Romanian PM starts two day official visit to Germany

Romanian PM starts two day official visit to Germany

 

By Daniel Stroe – Bucharest

Victor Ponta, the Romanian PM, today starts a two day official visit to Germany at the invitation of German chancellor Angela Merkel, with an agenda featuring bilateral relations, European and regional themes as well as Romanian domestic politics.

Ponta will start his visit today by meeting Jurgen Fitschen, co-president of the Deutsche Bank’s managing board, and then he will attend a conference dedicated to the German-Romanian economic cooperation.

He will be received tonight with state honors by Angela Merkel, the head of the federal government. The meeting will be followed by a press conference.

Tomorrow, Ponta will head to Stuuugart where he will meet Andreas Renschler, member of the managing board of Daimler. The German company has just announced a 300 million Euros investment in a new gear box plant in Romania.

The Romanian PM will then have a meeting with Winfried Kretschmann the acting speaker of the Bundesrat, the upper house of the German Parliament.

In an interview to Deutsche Welle, Ponta highlighted Romania is now stable from a political point of view and pleaded for a strategic partnership with Germany. “The visit aims to bring the bilateral relations to a level existent in the previous tears and which, in 2012, following the political crisis in Romania, came to a halt. We want to have a strategic partnership with Germany again. I want to encourage the continuation of the German investments in Romania and I say that Romania, now a politically stable country, is again an essential partner for Germany in the region” he said.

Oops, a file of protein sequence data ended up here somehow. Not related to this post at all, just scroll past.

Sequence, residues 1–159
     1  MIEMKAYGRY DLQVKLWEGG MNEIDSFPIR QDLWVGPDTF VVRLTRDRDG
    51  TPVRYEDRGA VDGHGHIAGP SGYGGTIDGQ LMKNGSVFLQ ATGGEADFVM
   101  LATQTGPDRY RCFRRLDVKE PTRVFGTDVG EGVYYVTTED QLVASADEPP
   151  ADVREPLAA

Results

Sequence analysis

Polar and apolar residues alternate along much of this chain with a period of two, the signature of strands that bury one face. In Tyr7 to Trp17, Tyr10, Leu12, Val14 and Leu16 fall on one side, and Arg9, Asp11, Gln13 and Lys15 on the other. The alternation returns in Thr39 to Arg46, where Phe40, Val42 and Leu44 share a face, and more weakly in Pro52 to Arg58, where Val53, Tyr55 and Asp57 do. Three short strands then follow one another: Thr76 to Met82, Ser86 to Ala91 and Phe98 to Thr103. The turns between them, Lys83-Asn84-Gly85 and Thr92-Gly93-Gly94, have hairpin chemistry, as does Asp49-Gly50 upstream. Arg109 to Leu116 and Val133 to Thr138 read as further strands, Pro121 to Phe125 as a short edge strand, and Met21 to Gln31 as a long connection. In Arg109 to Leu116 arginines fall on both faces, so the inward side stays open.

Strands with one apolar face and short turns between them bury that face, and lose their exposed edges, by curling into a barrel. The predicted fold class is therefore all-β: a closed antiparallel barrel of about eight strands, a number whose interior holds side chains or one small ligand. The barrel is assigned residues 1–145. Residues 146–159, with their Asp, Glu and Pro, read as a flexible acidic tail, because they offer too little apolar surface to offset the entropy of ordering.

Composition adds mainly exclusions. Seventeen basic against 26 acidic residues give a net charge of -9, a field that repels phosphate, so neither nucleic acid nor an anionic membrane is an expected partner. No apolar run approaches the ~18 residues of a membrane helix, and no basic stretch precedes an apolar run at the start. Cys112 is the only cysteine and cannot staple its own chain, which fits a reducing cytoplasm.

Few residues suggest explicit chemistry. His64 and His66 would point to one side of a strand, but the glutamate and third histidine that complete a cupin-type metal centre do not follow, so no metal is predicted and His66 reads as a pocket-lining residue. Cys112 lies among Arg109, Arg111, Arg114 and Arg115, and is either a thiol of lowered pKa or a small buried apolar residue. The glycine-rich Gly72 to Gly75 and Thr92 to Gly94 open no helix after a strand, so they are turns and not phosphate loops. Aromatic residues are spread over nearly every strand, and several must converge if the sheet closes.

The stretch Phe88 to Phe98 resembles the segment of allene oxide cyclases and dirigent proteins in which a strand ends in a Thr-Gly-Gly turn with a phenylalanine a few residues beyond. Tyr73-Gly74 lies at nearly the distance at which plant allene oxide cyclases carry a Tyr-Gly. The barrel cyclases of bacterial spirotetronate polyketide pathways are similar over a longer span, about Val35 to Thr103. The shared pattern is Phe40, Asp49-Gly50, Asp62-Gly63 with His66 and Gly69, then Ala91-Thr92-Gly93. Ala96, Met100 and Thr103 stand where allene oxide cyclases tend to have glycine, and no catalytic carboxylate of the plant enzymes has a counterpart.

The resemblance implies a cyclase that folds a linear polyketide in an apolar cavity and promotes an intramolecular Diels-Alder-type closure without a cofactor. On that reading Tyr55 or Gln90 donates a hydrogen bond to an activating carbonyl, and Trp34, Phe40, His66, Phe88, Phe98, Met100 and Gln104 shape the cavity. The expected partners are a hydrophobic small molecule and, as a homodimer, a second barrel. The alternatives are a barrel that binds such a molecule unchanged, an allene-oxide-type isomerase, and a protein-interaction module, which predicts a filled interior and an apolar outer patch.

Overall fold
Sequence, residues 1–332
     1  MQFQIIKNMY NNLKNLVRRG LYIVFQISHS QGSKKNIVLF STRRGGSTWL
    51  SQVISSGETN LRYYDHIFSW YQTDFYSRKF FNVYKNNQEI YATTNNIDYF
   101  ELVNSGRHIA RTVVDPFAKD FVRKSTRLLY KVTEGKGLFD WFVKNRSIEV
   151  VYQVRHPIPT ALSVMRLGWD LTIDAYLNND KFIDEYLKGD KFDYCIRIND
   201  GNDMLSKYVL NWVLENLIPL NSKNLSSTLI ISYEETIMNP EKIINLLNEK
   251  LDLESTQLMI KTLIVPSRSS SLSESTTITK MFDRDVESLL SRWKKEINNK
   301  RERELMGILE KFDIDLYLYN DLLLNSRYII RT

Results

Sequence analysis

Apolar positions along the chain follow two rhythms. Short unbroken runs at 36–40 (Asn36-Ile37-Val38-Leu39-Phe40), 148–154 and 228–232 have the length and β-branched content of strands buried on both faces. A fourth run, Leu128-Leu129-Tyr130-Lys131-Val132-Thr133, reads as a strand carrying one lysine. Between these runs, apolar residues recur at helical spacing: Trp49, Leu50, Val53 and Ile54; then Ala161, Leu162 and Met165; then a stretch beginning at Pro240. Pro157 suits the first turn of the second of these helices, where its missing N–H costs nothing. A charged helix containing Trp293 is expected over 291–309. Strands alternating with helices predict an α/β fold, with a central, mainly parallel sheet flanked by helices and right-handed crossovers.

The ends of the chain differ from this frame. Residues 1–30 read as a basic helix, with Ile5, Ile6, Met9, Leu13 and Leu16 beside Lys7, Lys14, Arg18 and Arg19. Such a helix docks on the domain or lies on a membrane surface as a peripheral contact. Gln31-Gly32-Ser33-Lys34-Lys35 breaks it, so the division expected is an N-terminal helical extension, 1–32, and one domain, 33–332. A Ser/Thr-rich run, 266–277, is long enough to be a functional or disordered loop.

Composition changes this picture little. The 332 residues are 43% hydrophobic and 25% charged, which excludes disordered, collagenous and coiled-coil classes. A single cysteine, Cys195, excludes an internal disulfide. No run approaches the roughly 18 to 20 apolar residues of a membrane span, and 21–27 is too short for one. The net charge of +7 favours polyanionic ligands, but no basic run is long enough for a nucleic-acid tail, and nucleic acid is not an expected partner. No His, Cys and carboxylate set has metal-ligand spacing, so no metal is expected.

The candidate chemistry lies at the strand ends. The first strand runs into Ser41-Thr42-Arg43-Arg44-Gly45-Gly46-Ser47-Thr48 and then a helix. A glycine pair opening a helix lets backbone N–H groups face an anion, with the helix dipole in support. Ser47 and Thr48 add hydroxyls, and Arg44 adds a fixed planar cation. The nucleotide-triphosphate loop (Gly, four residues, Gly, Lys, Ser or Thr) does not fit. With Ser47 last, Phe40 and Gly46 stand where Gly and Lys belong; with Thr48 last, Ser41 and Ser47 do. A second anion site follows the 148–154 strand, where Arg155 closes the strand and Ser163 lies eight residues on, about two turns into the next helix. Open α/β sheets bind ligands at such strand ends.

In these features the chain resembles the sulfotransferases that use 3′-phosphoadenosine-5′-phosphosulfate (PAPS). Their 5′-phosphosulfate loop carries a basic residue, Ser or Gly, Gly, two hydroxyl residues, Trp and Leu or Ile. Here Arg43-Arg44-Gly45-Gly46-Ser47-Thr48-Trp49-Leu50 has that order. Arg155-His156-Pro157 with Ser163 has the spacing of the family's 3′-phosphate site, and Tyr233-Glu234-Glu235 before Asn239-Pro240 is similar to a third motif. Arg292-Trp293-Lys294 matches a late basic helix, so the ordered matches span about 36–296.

Ponta’s visit comes at a sensitive time, especially after Germany led the group of Western countries opposing Romania and Bulgaria’s accession to the Schengen area this March, voicing concern about a possible surge in what Berlin calls “social tourism”, namely poor immigrants in search of social benefits in richer countries. Despite visible electoral connotations of this decision (Germany holds elections this September amid a general dissatisfaction with the rise in immigration), Germany’s opposition to Romania’s Schengen accession can be also traced back to last year’s political crisis in Bucharest when Ponta led the new installed ruling coalition’s drive to oust President Traian Basescu, their political arch-rival.

Germany, along other EU member states and the USA, sharply criticized the hasty political operation mounted by Ponta and his ruling partner, liberal Crin Antonescu, which saw overnight amendments meant to streamline Basescu’s removal, but which went against democratic principles.